Tuesday Jul 22, 2014
Here's sellin' to you, kid. Casablanca piano up for sale

The iconic piano from Hollywood romance "Casablanca" goes on sale at auction in New York in November, the highlight of more than two dozen collectors' items from the fabled war-time classic."Play it, Sam," says a stunning Ingrid Berman, cajoling Dooley Wilson into singing "As Time Goes By" before a moody Humphrey Bogart storms over to find his ex-lover sitting in his nightclub. Wilson's character Sam first played the song on the piano for Bogart's character Rick and Bergman's Ilsa when they fell in love in Paris as Nazi troops advanced on the French capital. The salmon-colored instrument is the star of more than 30 items from the 1942 black and white movie offered for sale on November 24 by Bonhams auction house and Turner Classic Movies. Also on sale are the doors of "Rick's Cafe Americain," Bogart's nightclub where Bergman asks Bogart to help her fugitive Czech resistance leader husband escape to America. Other lots include passports and transit papers created for the film, a final draft screenplay, signed photographs of the cast and production memos. All of the lots come from a private collector. "Bonhams is thrilled to represent this remarkable 'Casablanca' collection, certainly one of the most significant film memorabilia collections still in private hands," said Catherine Williamson, director of Entertainment Memorabilia at Bonhams. The auction house expects the piano to sell for seven figures. It last sold for $602,500 at auction in 2012, below Sotheby's then estimate of $800,000 to $1.2 million. The sale also features a host of other collector pieces from other films, including a test dress and pinafore designed for Judy Garland for the 1939 production of "The Wizard of Oz." The items will go on display in preview exhibitions held in Los Angeles from November 6-9 and in New York from November 20-24. "Casablanca" is ranked one of the greatest American films of all time by the American Film Institute. The Warner Bros movie won three Oscars in 1943 for Best Picture, Best Writing (Screenplay) and Best Director. It is perhaps best known for Bogart's catchphrase to Bergman "Here's lookin' at you, kid." Copyright AFP Relaxnews, 2014.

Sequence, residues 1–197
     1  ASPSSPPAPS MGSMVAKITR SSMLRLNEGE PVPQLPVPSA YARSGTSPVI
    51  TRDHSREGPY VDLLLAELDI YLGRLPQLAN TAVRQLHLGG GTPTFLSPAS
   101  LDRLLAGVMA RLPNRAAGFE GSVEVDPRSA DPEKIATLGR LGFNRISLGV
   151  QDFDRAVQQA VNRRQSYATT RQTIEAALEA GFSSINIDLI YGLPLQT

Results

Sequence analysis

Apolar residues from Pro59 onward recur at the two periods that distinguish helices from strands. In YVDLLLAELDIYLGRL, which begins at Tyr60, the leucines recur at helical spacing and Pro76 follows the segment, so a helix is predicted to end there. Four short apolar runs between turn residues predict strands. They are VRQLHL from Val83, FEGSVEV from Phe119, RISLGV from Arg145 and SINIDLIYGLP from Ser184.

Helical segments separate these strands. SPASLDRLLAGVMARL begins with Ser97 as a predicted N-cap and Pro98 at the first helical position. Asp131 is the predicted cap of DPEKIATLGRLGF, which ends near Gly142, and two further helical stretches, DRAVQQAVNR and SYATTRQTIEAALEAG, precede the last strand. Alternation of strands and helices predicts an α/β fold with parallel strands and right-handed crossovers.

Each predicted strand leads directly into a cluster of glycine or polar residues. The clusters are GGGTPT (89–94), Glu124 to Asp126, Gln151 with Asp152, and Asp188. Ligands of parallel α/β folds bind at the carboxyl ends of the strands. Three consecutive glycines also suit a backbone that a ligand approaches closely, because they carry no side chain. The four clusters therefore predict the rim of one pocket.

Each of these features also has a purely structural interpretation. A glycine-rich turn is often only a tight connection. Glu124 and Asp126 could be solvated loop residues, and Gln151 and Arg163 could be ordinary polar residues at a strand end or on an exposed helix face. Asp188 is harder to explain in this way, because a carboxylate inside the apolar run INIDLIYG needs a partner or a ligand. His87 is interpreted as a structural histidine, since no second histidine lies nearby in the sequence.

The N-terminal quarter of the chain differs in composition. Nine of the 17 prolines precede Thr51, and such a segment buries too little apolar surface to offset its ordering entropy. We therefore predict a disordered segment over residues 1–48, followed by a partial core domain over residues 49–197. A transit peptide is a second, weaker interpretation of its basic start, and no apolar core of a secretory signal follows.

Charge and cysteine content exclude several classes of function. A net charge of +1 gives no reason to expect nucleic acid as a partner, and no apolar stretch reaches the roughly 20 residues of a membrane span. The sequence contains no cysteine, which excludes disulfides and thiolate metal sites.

Events

Toronto Film Festival unveils lineup
Tuesday Jul 22, 2014
Toronto Film Festival unveils lineup